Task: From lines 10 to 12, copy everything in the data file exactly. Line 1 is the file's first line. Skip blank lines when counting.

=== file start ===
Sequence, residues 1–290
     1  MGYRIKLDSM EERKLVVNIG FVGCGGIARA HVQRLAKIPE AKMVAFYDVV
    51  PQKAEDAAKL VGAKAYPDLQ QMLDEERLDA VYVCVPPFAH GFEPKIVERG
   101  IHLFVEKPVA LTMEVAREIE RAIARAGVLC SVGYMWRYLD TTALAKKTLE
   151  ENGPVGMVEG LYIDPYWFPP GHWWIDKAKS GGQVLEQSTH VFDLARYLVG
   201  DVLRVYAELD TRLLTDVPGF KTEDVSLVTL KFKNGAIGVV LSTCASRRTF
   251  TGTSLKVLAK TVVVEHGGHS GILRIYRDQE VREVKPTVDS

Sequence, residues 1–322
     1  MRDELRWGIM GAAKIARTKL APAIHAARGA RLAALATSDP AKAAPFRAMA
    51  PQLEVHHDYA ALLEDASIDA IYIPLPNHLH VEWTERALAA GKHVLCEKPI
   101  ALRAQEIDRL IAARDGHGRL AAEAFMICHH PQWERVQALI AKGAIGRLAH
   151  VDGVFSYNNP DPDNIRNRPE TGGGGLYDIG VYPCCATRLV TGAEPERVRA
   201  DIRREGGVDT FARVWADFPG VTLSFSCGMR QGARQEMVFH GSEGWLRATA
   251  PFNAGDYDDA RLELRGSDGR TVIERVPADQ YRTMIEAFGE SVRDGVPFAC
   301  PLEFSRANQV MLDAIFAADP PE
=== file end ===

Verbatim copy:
    51  PQLEVHHDYA ALLEDASIDA IYIPLPNHLH VEWTERALAA GKHVLCEKPI
   101  ALRAQEIDRL IAARDGHGRL AAEAFMICHH PQWERVQALI AKGAIGRLAH
   151  VDGVFSYNNP DPDNIRNRPE TGGGGLYDIG VYPCCATRLV TGAEPERVRA